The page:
I was working on a spec for a new feature in our flagship application, when I wanted to included some simple database diagrams. I was adding some new schema and I wanted to reference them in the spec. I figured I would just do the schema changes in a spare database and make a database diagram.
I opened up MS SQL Server Management Studio (SSMS)) and connected to the database on a box running SQL Server 2000. I selected the database and then selected “Database Diagram”. SSMS got huffy about how the database diagrams in 2000 were nothing like the feature in 2005 and it wouldn’t touch it. Gee thanks, Microsoft. The SQL Server team should have borrowed Raymond Chen for a while. That wouldn’t have happened on his watch.
I connected to a SQL Server 2005 box and made my schema changes in a scrap database. I selected database diagram and got a lovely error dialog with the following message:
Database diagram support objects cannot be installed because this database does not have a valid owner. To continue, first use the Files page of the Database Properties dialog box or the ALTER AUTHORIZATION statement to set the database owner to a valid login, then add the database diagram support objects.
So I took the error message literally and took a peek at the owner. I was the owner, and I have admin rights on that box. [Insert annoyed grunt here]. So I tried making sa to the owner, same error. That obviously wasn’t the problem.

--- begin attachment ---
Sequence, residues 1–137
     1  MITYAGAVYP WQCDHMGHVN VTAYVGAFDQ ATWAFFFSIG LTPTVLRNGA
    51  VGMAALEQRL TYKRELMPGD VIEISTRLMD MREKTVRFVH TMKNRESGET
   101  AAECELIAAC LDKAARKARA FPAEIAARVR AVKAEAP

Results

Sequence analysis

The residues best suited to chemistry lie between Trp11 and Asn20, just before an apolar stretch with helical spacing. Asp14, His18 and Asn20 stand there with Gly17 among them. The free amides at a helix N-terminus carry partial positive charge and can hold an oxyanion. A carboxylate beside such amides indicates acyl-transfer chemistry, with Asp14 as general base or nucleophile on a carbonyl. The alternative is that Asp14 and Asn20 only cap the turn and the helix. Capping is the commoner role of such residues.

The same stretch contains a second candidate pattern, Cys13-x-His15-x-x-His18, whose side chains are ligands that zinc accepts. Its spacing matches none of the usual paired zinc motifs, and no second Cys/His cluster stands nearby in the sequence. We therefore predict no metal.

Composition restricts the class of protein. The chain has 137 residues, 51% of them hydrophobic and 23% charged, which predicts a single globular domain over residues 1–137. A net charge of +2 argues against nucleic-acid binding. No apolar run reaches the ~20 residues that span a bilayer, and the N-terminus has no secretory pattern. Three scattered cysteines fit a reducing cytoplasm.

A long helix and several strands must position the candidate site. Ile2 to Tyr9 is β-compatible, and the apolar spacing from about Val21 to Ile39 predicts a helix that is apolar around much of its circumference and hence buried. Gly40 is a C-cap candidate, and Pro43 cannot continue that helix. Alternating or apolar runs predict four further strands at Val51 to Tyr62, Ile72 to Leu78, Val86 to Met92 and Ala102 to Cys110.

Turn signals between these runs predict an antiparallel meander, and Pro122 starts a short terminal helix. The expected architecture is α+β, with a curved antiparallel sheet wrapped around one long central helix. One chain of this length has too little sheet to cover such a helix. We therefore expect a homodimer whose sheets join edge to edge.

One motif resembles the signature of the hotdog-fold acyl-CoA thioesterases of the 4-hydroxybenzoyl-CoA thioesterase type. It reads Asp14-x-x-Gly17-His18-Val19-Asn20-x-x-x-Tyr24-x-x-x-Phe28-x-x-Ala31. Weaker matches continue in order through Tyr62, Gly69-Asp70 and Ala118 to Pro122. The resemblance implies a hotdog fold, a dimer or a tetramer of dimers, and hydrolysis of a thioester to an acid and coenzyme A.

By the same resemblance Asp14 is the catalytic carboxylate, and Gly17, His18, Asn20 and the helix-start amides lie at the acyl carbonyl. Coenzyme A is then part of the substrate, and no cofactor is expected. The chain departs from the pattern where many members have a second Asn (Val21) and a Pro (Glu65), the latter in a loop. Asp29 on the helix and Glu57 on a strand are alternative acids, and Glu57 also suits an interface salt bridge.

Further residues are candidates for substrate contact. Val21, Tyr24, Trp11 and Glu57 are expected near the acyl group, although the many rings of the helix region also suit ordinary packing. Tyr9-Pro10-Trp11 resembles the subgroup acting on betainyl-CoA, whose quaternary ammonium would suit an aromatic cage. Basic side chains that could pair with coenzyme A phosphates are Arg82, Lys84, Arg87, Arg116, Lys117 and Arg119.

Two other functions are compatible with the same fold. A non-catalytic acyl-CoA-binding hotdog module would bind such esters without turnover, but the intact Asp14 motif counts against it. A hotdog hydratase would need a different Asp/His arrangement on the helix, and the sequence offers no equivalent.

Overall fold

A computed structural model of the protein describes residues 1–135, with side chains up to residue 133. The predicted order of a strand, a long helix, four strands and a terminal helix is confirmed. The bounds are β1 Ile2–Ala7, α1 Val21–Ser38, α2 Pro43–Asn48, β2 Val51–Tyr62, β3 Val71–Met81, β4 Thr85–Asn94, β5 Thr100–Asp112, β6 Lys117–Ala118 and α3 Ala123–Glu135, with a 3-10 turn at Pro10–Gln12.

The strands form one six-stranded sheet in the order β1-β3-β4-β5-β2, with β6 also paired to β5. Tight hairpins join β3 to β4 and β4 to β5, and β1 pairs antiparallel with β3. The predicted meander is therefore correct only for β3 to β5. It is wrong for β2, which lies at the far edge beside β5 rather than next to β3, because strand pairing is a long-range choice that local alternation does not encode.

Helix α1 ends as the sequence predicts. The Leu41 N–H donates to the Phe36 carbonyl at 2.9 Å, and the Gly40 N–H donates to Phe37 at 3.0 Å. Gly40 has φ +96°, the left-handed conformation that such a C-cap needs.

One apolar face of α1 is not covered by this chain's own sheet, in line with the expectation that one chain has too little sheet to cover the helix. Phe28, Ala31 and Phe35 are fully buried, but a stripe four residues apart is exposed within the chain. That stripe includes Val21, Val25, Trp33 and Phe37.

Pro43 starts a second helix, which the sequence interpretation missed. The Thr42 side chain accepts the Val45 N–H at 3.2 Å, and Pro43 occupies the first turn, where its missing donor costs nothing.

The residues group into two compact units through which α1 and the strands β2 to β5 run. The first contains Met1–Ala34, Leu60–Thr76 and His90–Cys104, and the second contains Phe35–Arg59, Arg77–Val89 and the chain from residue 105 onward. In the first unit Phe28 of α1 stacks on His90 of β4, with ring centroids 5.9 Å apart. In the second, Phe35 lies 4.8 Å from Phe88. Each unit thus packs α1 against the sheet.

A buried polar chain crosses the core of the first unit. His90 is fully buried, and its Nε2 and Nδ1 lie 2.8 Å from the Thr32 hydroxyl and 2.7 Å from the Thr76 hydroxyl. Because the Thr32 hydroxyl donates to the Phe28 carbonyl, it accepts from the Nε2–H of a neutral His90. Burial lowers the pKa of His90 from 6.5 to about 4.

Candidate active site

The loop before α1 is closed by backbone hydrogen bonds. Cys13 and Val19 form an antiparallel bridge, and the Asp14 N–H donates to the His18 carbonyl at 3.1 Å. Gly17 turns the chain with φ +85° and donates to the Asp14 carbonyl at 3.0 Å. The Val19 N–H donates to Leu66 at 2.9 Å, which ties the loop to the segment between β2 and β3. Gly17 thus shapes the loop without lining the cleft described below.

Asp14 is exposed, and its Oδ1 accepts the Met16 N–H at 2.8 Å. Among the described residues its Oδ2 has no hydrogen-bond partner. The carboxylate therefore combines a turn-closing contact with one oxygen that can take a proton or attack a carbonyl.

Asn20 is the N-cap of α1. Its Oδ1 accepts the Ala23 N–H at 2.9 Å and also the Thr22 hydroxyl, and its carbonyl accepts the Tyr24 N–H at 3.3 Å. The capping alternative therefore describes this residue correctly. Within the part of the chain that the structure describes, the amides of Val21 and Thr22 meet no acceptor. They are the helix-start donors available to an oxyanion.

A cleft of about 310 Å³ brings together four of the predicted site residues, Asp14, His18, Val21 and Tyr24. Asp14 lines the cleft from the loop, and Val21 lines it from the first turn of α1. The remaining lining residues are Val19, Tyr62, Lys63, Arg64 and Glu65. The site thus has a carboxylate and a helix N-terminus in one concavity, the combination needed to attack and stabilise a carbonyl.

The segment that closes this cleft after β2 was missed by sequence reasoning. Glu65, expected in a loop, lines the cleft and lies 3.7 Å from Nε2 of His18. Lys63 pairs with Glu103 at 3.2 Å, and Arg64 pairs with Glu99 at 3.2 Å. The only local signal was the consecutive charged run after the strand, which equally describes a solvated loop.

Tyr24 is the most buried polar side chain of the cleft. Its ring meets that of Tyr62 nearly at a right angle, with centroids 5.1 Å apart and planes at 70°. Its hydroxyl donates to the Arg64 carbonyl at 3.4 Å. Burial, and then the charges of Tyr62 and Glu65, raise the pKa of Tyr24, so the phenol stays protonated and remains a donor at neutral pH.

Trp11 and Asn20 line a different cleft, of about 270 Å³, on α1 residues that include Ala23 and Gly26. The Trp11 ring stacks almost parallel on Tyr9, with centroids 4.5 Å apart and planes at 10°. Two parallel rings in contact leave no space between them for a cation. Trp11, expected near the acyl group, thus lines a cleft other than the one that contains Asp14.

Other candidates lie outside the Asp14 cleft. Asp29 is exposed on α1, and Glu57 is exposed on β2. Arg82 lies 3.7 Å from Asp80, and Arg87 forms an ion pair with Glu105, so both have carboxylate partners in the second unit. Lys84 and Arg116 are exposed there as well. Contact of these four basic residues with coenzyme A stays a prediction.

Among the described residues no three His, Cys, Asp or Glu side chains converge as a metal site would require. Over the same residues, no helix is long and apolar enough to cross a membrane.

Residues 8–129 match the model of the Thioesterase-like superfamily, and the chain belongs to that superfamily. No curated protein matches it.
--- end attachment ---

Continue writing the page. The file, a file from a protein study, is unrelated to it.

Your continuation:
After a wee bit of googling, I came across the root cause of the error. It was not an ownership issue, it was a database version issue. We support both SQL Server 2000 and 2005, all of our databases are version 2000 compatible. You can’t have 2005 database diagrams in a 2000 database, even it it’s attached to a 2005 server.
There are a couple of ways to change the database, I opted for the T-SQL method:
sp_dbcmptlevel ‘MyDataBase’, ’90’;
The sp_dbcmptlevel is documented here. The value “90” corresponds to the version number of SQL Server 2005. I ran that command and I was able to add database diagram support to the database. You can also make the change via SSMS with the following steps:
- Write click on database.
- Click on Properties.
- Click on Options.
- Change the Compatibility level to desired compatibility.
- Click OK.
After doing all of that, I really disliked the look of the tables in the database diagram. It looked like the tabled editor from Access ’97. So I ended up doing what I should have done in the first place, created a database diagram in Visio and copied that into my spec document.